A little while ago I was, admittedly, mindlessly scrolling through my Facebook news feed, when a video caught my eye. “This will make you fall in love with Justin Bieber!” The clickbaity title shouted at me – so, like any good mindless Facebook scroller, I clicked.
The video turned out to be a Carpool Karaoke clip with Bieber and The Late Late Show’s James Corden. The only moment that really stood out for me was when the Canadian singer was presented with a Rubik’s Cube. Full credit to him, he solved it in just a few minutes.
This stood out because I realised it had been around 20 years since I’d attempted to solve a Rubik’s Cube. I suddenly had an urge to find one – and a mere two days later, when I was in a toy store buying some presents, I saw a pile of them on the counter.
I’ve been fiddling with this clever cube ever since – and, since I keep it on my desk, it’s been giving me a reason to take short breaks from my work.
I have started to defer to the static device when I need some time out from my screen, or when I need to think through a problem or approach.
Not only does the Rubik’s Cube give my eyes a break, but for a few minutes, I completely forget about work, deadlines, problems and health content. My mind becomes utterly caught up in solving the cube (which I still haven’t done yet, mind you – and I’m resisting the urge to watch how-to videos).
I’ve been working on some complex medical content lately – including projects for a cancer research foundation and a cardiac health website – in addition to running my health writing courses.
The content is scientific, the research is demanding and the work is intense – I’m sure most health writers are all too familiar with these scenarios.
I felt so much more refreshed after my little Rubik’s Cube sessions. My mind feels clearer. I don’t feel burned out by 3.30pm and I don’t have headaches from too much screen time. I also notice that, despite taking short breaks here and there, I am still on top of my to-do list.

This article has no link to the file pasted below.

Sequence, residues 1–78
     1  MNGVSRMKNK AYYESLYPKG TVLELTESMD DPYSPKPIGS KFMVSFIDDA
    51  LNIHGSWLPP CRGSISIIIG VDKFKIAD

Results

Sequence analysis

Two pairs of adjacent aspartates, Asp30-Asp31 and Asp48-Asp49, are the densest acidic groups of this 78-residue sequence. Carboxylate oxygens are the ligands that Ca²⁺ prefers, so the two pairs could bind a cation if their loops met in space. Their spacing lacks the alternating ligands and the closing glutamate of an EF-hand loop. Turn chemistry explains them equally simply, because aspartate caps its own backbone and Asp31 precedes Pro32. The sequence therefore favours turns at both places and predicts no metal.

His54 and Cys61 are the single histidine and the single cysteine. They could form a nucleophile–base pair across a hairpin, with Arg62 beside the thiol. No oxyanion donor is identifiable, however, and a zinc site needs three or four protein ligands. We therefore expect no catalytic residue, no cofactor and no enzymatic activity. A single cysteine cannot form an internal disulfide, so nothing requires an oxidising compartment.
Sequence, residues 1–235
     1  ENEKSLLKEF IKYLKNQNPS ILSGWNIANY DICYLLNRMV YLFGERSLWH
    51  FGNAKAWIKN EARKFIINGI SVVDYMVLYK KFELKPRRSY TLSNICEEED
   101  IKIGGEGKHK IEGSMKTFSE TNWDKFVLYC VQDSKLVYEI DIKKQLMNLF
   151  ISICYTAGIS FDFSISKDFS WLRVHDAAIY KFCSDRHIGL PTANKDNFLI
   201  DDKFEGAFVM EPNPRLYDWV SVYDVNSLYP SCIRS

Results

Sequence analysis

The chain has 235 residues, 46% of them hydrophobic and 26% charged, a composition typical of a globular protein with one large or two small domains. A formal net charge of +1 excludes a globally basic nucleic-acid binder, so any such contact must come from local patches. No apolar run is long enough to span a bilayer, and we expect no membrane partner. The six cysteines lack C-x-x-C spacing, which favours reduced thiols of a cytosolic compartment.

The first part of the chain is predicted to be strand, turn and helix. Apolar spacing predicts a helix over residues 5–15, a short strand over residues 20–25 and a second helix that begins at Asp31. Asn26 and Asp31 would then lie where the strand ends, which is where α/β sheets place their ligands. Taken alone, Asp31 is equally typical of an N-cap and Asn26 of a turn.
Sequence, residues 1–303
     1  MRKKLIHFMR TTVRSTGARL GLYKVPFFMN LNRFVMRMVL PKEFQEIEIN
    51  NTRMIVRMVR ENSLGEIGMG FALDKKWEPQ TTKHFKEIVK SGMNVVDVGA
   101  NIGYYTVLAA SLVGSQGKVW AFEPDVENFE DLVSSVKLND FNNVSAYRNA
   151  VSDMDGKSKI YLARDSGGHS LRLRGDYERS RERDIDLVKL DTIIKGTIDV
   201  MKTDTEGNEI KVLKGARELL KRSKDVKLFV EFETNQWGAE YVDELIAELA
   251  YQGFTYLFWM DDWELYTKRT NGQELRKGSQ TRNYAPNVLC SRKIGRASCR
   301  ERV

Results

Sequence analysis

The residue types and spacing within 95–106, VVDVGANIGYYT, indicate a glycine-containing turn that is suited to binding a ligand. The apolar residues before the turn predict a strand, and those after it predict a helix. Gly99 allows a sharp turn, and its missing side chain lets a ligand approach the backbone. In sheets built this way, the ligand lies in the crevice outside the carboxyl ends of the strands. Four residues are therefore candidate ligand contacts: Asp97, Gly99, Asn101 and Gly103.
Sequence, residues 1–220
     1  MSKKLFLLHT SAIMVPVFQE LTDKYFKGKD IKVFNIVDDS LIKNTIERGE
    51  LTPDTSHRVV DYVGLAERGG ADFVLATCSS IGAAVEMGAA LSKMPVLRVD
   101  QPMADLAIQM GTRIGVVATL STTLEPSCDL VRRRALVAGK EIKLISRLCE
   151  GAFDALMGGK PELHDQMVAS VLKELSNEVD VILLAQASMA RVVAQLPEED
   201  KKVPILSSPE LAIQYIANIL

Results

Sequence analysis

This is a massive realisation for me, because I tend to be someone who works non-stop, from preschool drop-off to pickup. I know I should take breaks, but I rarely do. When I’m writing, I feel like I can’t stop or I’ll lose momentum. I actually think, though, that taking these short breaks has improved my momentum. And it appears I’m not the only one who feels this way.
The ultimate formula for productivity
Around September last year, a widely-publicised study claimed to have found the ultimate formula for productivity: 52 minutes of computer work, followed by 17 minutes of rest.
One of the articles, published on The Atlantic, sums up the productivity predicament very nicely:
“The scientific observation underlying these nearly-too-good-to-be-true findings is that the brain is a muscle that, like every muscle, tires from repeated stress. Many of us have a cultural image of industriousness that includes first-in-last-out workers, all-nighters, and marathon work sessions. Indeed, there are many perfectly productive people that go to the office early, leave late, and never seem to stop working. But the truth about productivity for the rest of us is that more hours doesn’t mean better work. Rather, like a runner starting to flag after a few miles, our ability to perform tasks has diminishing returns over time. We need breaks strategically served between our work sessions.”
Fast Company, who also reported on the study, make a valid point: “The study highlights what researchers have been saying for years—that our brains simply weren’t built to focus for eight-full hours a day.”
It makes sense that our brains need rest and play time – yet, being writers, we find it very hard to take breaks. We might feel like we’re on a roll, and can’t stop or we’ll forget where we were going. We might feel like we’re cheating our employer – or ourselves, if we’re freelancing – by taking so many frequent breaks.
In fact, when writers at Fast Company experimented with this formula, they found that it “wasn’t as great” as they had expected after all.
Specifically, they found the 52/17 routine difficult to stick to, impractical for their tasks, and somewhat guilt-inducing.
The Fast Company article writer concluded with this sensible advice: “While the regimented method of working for 52 minutes and then taking 17-minute breaks didn’t work for us, it’s better than sitting in front of a computer for eight hours straight. I think it’s fair to suggest that we all compromise and meet somewhere in the middle.”
So while the 52/17 method might not work for you either, it’s definitely worth experimenting with the practice of regular break-taking.
Take more breaks. Spend more time away from your screen. See if it helps you to work better or work smarter. Maybe it won’t, but try it out – and, in doing so, you may find your own unique formula for productivity.
If the Rubik’s Cube turns out to be the gateway to my ultimate formula for productivity, then I guess that clickbaity title wasn’t too far off the mark.